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Emily Davison (1872 – 1913) (taken from BBC History: Historic Figures series)
Emily Davison, the militant suffragette and martyr to the cause of the political advancement of women, had a favourite quotation: ‘Rebellion against tyrants is obedience to God.’ In 1909, she wrote these words on slips of paper, tied them to rocks and threw them at the carriage of the chancellor of the exchequer, David Lloyd George, as it drove by.
She was sentenced to a month’s hard labour in Strangeways jail as a result, but to Emily, imprisonment was only one of a series of setbacks she considered worth suffering to advance the cause of women’s suffrage.
As a young woman, the Women’s Social and Political Union, founded by Emmeline Pankhurst, had caught the attention of Davison. In 1909, she gave up her job as teacher and went to work full-time for the suffragette movement. She was frequently arrested for acts ranging from causing a public disturbance to burning post boxes.
In prison she went on hunger strikes, a tactic favoured by many of the suffragettes, as a hunger strike meant release from jail. The Cat and Mouse Act of 1913 addressed this: a female hunger striker would be released from prison long enough to regain her health, and then, once strong, she was put back inside to finish her sentence.
It was in the late spring of 1909 that Emily was caught throwing stones at Lloyd George. During her month in prison she attempted to starve herself, and resisted force-feeding. A prison guard, angered by Davison’s blockading herself in her cell, forced a hose into the room and nearly filled it with water. Davison, it’s claimed, seemed content to be martyred this way. Eventually, however, the door was broken down, and she was freed. She subsequently sued the wardens of Strangeways, and was awarded 40 shillings.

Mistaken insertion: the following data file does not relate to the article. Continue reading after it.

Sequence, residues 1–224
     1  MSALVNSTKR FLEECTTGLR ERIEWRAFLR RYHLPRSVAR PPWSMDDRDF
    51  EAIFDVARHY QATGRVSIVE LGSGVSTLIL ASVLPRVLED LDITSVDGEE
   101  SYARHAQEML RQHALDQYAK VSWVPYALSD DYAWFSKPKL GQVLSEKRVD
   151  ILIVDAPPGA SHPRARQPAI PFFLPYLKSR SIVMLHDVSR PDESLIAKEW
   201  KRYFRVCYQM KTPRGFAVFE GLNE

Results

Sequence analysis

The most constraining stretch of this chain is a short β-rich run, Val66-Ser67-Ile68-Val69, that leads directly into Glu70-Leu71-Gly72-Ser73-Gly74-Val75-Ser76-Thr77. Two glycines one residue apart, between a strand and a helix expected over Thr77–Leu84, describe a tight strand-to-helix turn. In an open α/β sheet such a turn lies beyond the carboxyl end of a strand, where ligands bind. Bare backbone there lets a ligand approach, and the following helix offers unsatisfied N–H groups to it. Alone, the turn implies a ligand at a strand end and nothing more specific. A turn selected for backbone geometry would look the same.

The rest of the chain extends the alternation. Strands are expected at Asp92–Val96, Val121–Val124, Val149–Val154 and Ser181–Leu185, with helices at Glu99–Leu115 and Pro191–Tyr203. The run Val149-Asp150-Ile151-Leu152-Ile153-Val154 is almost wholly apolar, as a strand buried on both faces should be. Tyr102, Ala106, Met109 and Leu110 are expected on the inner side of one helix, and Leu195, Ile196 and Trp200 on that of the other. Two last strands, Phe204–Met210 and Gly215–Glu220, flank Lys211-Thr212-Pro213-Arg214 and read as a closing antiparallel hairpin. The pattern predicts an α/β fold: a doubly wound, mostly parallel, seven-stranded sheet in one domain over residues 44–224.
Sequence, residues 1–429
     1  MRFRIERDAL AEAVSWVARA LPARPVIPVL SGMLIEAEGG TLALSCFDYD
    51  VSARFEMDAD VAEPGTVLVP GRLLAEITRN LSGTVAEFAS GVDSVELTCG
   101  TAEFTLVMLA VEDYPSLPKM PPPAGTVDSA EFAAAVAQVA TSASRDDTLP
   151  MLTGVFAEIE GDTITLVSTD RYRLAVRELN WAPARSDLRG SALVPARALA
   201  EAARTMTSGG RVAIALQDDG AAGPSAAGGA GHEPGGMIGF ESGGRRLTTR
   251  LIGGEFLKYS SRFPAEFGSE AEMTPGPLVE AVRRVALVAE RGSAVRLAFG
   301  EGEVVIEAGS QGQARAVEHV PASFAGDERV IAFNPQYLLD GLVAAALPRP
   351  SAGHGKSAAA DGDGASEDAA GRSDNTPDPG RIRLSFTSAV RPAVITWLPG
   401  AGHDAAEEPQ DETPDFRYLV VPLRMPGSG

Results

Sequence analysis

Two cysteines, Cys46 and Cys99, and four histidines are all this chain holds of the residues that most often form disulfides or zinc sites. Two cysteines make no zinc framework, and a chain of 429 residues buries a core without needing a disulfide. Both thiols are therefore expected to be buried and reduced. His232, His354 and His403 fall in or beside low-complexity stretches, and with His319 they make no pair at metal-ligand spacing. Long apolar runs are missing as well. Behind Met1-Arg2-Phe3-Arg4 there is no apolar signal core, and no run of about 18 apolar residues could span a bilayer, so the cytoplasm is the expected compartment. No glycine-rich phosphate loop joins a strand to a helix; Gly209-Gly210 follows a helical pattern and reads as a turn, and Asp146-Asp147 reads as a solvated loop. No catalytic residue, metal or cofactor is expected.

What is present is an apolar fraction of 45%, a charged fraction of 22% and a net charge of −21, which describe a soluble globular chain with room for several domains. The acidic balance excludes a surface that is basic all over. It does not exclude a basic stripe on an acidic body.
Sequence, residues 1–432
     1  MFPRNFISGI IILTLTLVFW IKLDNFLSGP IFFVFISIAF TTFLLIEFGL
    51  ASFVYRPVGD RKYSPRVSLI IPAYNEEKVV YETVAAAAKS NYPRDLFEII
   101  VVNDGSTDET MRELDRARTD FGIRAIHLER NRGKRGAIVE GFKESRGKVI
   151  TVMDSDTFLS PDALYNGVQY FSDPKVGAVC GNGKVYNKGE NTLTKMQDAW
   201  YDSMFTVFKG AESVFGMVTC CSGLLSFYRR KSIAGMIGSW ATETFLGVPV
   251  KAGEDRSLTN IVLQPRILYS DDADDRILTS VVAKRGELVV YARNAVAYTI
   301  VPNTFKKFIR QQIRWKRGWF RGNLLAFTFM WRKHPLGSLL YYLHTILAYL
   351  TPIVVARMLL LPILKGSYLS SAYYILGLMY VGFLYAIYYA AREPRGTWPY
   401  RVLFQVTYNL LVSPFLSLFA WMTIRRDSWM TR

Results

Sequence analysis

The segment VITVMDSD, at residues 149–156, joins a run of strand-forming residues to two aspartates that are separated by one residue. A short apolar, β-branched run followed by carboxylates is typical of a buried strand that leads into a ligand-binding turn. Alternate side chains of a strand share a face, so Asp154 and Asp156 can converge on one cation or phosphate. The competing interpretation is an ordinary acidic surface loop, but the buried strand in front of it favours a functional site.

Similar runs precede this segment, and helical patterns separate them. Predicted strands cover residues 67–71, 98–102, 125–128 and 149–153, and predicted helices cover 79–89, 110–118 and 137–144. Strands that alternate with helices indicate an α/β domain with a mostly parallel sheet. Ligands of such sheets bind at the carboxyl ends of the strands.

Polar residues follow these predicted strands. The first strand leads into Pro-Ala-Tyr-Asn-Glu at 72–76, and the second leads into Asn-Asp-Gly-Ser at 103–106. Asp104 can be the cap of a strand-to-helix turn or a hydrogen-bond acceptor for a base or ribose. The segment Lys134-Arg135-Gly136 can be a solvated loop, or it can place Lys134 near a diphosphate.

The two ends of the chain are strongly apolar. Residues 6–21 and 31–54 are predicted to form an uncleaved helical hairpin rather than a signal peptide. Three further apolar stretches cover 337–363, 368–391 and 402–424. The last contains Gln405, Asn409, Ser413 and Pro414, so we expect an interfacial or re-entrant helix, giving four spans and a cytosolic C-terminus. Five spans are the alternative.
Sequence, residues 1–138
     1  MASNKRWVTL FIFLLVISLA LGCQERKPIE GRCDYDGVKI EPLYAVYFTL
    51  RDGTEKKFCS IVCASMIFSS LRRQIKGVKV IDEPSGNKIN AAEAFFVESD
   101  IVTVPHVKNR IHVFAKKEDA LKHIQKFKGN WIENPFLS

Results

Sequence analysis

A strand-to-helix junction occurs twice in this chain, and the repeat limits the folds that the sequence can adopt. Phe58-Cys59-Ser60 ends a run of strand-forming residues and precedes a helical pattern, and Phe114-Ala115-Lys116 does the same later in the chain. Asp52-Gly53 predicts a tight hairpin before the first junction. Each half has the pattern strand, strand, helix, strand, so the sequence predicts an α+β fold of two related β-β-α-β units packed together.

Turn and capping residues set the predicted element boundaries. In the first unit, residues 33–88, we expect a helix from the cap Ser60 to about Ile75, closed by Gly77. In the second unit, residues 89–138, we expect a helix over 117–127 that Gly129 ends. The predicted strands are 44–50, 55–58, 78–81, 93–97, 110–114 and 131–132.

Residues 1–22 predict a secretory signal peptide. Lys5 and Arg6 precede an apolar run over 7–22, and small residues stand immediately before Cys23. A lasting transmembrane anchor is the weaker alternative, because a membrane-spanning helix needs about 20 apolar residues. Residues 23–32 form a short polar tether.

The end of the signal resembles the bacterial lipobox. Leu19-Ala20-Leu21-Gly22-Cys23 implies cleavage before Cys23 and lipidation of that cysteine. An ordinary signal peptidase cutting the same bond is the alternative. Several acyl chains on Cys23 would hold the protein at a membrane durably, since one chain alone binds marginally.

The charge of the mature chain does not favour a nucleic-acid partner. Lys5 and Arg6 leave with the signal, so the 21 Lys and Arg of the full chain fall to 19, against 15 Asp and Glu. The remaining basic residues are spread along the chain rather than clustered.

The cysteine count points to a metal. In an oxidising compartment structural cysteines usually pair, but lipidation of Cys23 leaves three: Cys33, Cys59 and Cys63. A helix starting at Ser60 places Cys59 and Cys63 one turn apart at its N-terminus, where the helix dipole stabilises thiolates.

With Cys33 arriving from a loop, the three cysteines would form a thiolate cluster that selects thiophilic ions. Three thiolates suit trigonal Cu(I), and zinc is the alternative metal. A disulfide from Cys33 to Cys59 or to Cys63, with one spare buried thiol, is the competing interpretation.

By 1911, her illegal actions increased. She began to believe that the suffragette cause needed an actual martyr to bring it the publicity it needed.
Her final act was to run out onto the racetrack at the Epsom Derby, and grab the reigns of the king’s horse running that day. In so doing, she was trampled on, and died a few days later. The public disregarded the act as that of a crazed woman.
Despite the public’s indifference, Emmeline Pankhurst, in her autobiography, wrote what she felt Davison’s death meant to the suffragette movement: ‘Emily Davison clung to her conviction that one great tragedy, the deliberate throwing into the breach of a human life, would put an end to the intolerable torture of women.’